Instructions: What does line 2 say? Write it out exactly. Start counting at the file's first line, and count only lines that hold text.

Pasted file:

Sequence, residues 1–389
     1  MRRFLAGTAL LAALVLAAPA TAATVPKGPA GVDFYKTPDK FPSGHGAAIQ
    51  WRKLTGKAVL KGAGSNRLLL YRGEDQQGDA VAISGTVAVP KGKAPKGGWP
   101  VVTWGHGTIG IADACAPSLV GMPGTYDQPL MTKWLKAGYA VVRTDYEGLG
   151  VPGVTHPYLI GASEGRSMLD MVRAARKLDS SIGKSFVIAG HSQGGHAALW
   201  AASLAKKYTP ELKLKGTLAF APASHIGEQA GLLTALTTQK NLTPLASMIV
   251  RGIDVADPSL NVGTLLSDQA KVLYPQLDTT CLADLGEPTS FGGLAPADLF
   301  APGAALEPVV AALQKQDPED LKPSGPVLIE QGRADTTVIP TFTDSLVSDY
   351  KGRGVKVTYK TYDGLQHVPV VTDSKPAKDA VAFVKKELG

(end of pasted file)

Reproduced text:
     1  MRRFLAGTAL LAALVLAAPA TAATVPKGPA GVDFYKTPDK FPSGHGAAIQ